How to unfreeze a frozen condensate pipe

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Winter is approaching and, as usual, newspapers are predicting it will be the coldest one ever. That remains to be seen, but if we do get a cold snap, you won’t want to be without a working boiler. Getting a regular boiler service can help you avoid problems when winter comes, but there’s also a common issue that can stop your boiler from working. It involves your boiler’s condensate pipe and luckily, it’s quite easy to fix.

What is a condensate pipe?

A condensate pipe runs from your boiler to the outside of your property. It’s necessary, because when your boiler burns gases to produce heat, it also produces condensate. This needs to be released and this is done through the condensate pipe. They exist because modern boilers reuse hot waste gases to produce even more heat.

This makes them much more energy efficient than old boilers, but means they also produce moisture which needs to be carried outside by a pipe. If the pipe becomes blocked then the boiler cannot safely get rid of the condensate and has to shut down.

How to find your condensate pipe?

Your condensate pipe will be outside your property and should be close to wherever your boiler is located. It will likely be a thin grey or white coloured pipe that will be running into a drain or drainpipe. It may be insulated, in which case you’ll need to remove the covering before attempting to defrost the pipe. They are often placed near ground level but may sometimes be higher up, in which case it might be better to leave the job to a professional boiler engineer or plumber.

Unfreezing your condensate pipe

Once you have found the pipe, you’ll need to warm it up to melt the blockage inside. You can do this by pouring hot, but not boiling, water over the length of the pipe. Boiling the kettle and letting it cool down a bit should do the job. You could also get a little bit creative and use a hot water bottle or a heat wrap. These methods can be effective but also might be less straightforward to use, depending on the position of the pipe.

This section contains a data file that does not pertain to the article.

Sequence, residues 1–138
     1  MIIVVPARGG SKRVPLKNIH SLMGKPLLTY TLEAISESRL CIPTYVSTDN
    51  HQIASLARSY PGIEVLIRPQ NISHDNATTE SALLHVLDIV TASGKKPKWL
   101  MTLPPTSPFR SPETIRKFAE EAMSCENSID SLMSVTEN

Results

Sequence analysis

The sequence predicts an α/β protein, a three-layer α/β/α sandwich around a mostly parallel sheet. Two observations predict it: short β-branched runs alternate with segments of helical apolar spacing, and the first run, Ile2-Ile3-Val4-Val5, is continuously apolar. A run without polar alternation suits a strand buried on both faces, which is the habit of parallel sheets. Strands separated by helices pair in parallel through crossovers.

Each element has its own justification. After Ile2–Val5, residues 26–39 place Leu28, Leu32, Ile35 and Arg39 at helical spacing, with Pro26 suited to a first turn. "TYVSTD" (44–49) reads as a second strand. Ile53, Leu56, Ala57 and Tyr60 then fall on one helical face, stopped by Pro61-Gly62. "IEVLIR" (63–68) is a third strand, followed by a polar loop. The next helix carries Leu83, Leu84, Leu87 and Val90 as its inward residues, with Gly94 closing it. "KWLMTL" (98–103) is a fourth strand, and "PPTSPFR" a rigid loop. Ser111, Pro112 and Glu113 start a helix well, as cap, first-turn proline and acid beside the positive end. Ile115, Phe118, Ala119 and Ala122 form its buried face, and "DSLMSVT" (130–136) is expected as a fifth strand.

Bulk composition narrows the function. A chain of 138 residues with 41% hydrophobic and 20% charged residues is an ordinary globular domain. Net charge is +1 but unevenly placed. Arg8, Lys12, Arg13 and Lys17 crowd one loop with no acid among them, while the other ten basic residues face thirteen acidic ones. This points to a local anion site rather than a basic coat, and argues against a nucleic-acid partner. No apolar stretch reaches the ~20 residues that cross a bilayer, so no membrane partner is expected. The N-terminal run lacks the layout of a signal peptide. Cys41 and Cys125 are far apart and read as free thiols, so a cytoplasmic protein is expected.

Why do condensate pipes freeze?

Once temperatures drop to a certain point, the liquid being released is frozen and blocks the pipe. Pretty straightforward! However, the reason this can happen in the first place is that in the UK we don’t regularly experience winters cold enough to freeze external pipes. That can mean that condensate pipes aren’t always insulated properly, leaving them exposed to the elements.

How to stop condensate pipes freezing

Check whether your pipe is properly insulated, it should be covered in a foam-like material that will prevent it from getting too cold. If you’re a bit handy, you might feel like attempting the job yourself, but if not, it’s quite an easy task for a qualified professional to look after. It means that if the big freeze comes, you hopefully won’t be stuck outside in your dressing gown splashing a kettle of warm water over the pipe and possibly your slippers.

If your boiler’s not working, it might not always be the condensate pipe’s fault, especially if the weather’s not that cold. Here’s a few more fast fixes for your broken boiler that might help get it working again.